Tribal animosities and militia rule tarnish Libya's human rights record and democratic credentials.
Hassan Al Amin, the chairman of the Human Rights and Civil Society Committee and a long time Gaddafi opposition figure, resigned earlier this month following numerous death threats. Justifying his decision, he cited his inability to conduct his work as chairman in an increasingly polarised political environment .
Al Amin's high profile resignation serves as a reminder of the reality of Libya's new 'democratic' rule and the state of human rights in the country. The authoritative annual report published by Human Rights Watch for 2013 reveals that Libya continues to be plagued by serious rights abuses, including arbitrary arrests, torture, and deaths in detention.
Like many Libyans, Al Amin believes that the GNC has strayed from its mission and obligations towards the Libyan people. It has failed to deliver on the most important issues affecting the country during the ongoing transitional period.
The GNC has already deferred the drafting of a new constitution to an unforeseeable time and has been unable to maintain adequate oversight over governmental program. Critics have also pointed to the GNC's failure to implement a coherent plan of national reconciliation and transitional justice.
Al Amin's views and his will to foster the respect of human rights in Libya have earned him a number of enemies, particularly in his electorate district of Misrata.
Misrata provides an illustrative and bleak example of everything that is wrong with Libya today.
The town is a place where lawlessness, the "rule of the gun" and a dubious 'revolutionary legitimacy' are vaunted by armed militias. They have come to trump the democratically elected local representatives and civil law.
Like elsewhere in Libya, Misrata's prisons are filled with those captured during the chaos and in the aftermath of the revolution. Militiamen allegedly guarding these facilities subject their captives to inhuman and degrading treatment. Arbitrary detentions, torture and murder are a common occurrence; perpetrated by the very men supposed to prevent them. Accountability is non-existent and government officials tasked with preventing the abuse such as Al Amin are branded traitors and threatened for merely doing their job.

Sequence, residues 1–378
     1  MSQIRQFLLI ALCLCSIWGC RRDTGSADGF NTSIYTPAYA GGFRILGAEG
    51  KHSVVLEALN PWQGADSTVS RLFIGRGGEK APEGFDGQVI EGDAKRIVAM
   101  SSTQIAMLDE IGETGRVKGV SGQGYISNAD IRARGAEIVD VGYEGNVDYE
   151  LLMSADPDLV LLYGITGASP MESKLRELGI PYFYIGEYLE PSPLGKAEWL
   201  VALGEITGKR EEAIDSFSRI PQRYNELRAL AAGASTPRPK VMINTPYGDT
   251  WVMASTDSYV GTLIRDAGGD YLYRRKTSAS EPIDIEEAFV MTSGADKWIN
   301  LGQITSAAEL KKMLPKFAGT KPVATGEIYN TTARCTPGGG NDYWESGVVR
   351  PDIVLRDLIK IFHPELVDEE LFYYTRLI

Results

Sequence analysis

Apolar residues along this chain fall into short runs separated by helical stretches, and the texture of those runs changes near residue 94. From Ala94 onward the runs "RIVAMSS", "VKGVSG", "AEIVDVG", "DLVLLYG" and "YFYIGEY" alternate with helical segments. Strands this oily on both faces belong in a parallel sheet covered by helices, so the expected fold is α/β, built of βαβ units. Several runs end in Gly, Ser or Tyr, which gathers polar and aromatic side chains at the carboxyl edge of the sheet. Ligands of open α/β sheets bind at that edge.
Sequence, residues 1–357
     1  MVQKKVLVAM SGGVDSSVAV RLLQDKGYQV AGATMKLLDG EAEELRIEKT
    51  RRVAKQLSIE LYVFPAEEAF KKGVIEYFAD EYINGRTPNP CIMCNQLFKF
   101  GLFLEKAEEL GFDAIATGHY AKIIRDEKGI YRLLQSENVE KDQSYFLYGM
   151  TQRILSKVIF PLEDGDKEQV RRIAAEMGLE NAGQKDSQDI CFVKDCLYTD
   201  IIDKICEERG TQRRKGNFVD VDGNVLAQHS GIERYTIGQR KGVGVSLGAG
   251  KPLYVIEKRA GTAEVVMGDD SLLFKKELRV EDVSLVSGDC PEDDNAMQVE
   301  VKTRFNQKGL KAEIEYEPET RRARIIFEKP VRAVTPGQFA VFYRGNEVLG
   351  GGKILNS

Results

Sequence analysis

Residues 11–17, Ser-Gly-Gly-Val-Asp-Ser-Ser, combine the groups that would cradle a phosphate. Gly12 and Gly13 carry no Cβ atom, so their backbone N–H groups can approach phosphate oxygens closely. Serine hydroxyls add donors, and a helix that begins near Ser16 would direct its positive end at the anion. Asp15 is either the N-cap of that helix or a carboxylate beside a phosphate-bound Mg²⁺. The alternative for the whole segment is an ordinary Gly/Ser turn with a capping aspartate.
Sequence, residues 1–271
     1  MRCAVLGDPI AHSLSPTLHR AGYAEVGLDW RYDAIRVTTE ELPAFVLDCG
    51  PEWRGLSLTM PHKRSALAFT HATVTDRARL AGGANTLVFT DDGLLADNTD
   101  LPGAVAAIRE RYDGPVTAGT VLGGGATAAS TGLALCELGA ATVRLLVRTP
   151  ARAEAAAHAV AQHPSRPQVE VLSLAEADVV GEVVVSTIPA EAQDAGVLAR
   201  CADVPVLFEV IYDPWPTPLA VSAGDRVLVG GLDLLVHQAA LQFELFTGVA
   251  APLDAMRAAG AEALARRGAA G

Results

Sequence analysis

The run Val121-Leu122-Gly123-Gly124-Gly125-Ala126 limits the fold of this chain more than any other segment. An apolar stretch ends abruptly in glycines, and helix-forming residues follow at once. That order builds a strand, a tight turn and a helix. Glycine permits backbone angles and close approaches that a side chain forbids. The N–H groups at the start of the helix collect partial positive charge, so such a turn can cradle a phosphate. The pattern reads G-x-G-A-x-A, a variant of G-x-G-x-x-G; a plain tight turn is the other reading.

Though these issues affect the whole of Libya, the current situation in Misrata fully captures the toxic legacy of tribalism has had on the country.
Gaddafi maintained his hold on power by manipulating old tribal grudges against his opponents. Applying the clausewitz's concept of war being the continuation of policy by other means, it is easy to see how tribal cleavages that kept Gaddafi in power determined which groups supported the revolution and which groups did not.
Entire tribes whose members supported the old regime against the revolutionaries have been targeted by revenge killings and abuse by armed militias while central authorities turn a blind eye.
For example, the people of Tawergha are unable to return to their city out of fear of revenge from Misrata Militias. Tawerghians allied themselves with the Gaddafi regime during the revolution. They participated in the siege of neighbouring city of Misrata and now face persecution.
Tawerghans have been targeted for arrest and attack by Misrata's Militias, who accuse people from Tawergha of committing serious crimes against them during the war. It is reported that around 1,300 people from Tawergha are detained, missing, or dead.
Human Rights Watch went as far as stating that abuses committed against Tawerghians may amount to crimes against humanity and could be prosecuted by the International Criminal Court.
The image of Libya as a poster-child for successful democratic transition has been tarnished by the brush of tribal lawlessness. If the GNC does not take immediate and substantial steps to remedy the situation on the ground, it risks turning the current regime into the very thing Libyans fought and died to overthrow.
Breaking the spiral of violence:
If the GNC fails to act, the current status quo is likely to have disastrous consequences for the country and its citizens. Tribal feuds can spiral into a never ending vendetta of revenge killings. Neutralizing militias remains the most basic prerequisite for implementing a system of governance based on justice and the rule of law. Laws and policies cannot be drafted when neither the parliament nor the Prime Minister's office are safe from armed groups storming them.
Though grievances against the old regime are justifiable, forcing officials chosen by the ballot out of office with the barrel of a gun goes against the core principals of public office in a democracy. Claiming authority through 'revolutionary legitimacy' is merely the exercise of control through fear and violence, the hallmarks of Gaddafi's regime.
Reconciliation is the first building bloc for a successful transition. The GNC should therefore deliver on its promise to make reconciliation a priority. It ensures the return of dignity and justice to all who have been wronged , allowing everyone to move forward without being hampered by the past.
Reconciliation must be followed up by an inclusive development program. Young Libyans in Militias must be incentivized with alternative sources of income and better prospects to develop as law abiding citizens.
Finally, NGOs and officials overseeing the application of the law and the respect of human rights should be treated as partners of the Government. A robust civil society strengthens the rule of law and discourages 'tribal justice'.